R&D and Productivity Growth: Comparing Japanese and U.S. Manufacturing Firms
NBER Working Paper No. 1778 (Also Reprint No. r1554)
We compute rates of growth in labor productivity during the 1973-80 period for samples of individual manufacturing firms, in both Japan and the U.S., and relate them to differences in the rates of growth in their capital-labor ratios and in their intensities of R&D effort. Japanese firms spent about as much of their own money on R&D, relative to sales, as did similar U.S.firms. An econometric analysis of R&D performing firms leads to the acceptance of the hypothesis that the contribution of such expenditures to productivity growth was about the same in both countries. Hence, the rather large differences on the observed rates of productivity growth between the two countries can not be accounted for by differences in either the intensity or fecundity of such expenditures. We do find two important differences between the two countries which help to explain a significant fraction of the observed differences in productivity but require in turn, an explanation of their own: 1) Japanese firms reduced their employment levels significantly during this period while US firms were increasing theirs. This, by itself, accounts for the twice as fast growth in capital-labor ratio in Japanese manufacturing. 2) The estimated effect of the growth in the capital-labor ratio on firm productivity is approximately twice as large in Japan than in the US. The two factors together can account for about half of the observed differences in the average rates of productivity growth between the two countries.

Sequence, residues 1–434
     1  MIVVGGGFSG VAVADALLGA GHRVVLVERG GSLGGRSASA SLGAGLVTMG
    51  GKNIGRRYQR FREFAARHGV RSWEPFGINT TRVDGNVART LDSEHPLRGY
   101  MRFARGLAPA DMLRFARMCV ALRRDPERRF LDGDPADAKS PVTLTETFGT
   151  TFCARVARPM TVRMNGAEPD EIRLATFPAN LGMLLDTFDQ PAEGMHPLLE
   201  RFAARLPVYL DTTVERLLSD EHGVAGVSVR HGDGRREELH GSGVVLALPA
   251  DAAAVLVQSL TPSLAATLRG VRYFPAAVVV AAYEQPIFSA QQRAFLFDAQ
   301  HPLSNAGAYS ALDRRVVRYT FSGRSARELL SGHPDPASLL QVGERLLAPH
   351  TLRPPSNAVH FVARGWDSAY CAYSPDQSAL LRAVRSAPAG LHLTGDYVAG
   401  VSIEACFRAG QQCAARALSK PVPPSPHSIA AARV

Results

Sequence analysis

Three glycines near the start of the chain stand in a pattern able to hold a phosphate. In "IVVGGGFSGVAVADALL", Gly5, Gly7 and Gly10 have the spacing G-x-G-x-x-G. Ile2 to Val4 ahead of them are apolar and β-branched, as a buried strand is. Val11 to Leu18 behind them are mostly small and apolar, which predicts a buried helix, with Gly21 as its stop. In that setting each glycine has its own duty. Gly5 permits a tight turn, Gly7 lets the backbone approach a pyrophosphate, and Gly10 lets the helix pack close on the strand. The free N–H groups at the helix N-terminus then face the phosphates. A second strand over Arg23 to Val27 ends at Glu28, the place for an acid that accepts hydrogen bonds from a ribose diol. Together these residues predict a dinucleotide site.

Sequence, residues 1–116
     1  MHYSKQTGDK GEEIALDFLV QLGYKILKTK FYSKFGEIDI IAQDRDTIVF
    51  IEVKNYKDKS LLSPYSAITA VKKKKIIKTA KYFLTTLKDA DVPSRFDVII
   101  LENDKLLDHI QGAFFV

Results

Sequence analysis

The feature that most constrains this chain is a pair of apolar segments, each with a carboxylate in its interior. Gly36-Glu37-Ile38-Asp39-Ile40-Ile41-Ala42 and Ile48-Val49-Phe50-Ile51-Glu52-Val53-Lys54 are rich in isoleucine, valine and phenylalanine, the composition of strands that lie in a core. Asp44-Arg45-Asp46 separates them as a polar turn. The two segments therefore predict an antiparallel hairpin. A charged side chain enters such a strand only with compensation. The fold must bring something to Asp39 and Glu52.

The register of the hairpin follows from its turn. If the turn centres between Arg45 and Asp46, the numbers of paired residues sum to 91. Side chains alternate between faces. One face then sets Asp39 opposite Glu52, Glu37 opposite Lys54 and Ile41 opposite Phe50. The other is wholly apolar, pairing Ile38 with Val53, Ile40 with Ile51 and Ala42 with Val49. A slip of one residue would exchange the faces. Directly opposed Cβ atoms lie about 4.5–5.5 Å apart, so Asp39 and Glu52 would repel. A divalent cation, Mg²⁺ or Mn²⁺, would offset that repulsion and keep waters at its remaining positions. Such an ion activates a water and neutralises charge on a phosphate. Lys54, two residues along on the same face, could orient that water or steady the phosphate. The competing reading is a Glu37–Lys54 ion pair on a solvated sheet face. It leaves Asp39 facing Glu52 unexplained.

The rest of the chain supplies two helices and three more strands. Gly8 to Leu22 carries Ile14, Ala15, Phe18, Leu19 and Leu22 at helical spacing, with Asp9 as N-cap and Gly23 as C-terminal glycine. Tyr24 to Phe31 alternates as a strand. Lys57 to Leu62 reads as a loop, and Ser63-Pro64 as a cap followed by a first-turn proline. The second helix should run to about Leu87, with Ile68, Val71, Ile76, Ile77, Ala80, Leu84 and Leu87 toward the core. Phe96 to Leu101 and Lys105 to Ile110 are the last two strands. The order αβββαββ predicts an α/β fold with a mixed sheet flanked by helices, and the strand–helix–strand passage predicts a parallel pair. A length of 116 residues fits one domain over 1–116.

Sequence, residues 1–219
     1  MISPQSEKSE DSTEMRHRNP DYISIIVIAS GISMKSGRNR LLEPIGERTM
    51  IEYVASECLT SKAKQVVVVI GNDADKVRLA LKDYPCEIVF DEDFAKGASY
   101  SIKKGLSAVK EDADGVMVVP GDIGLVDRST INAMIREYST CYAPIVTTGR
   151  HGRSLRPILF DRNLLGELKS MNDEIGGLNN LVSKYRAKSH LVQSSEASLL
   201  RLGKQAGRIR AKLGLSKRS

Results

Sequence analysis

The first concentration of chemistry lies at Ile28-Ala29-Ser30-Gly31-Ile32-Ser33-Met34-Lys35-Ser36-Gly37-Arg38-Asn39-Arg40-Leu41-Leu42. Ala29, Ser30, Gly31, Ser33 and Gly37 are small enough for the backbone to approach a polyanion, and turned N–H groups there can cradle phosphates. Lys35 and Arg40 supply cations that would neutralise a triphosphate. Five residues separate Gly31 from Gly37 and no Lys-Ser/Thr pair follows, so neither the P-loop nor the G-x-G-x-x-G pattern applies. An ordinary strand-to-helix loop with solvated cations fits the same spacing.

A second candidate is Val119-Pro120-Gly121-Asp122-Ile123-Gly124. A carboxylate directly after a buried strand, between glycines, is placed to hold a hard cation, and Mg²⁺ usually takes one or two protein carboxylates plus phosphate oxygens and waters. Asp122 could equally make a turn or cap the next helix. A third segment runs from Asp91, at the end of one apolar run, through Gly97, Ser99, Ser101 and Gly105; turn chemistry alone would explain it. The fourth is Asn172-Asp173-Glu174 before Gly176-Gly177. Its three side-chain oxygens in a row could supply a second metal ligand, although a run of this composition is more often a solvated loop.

Document Object Identifier (DOI): 10.3386/w1778
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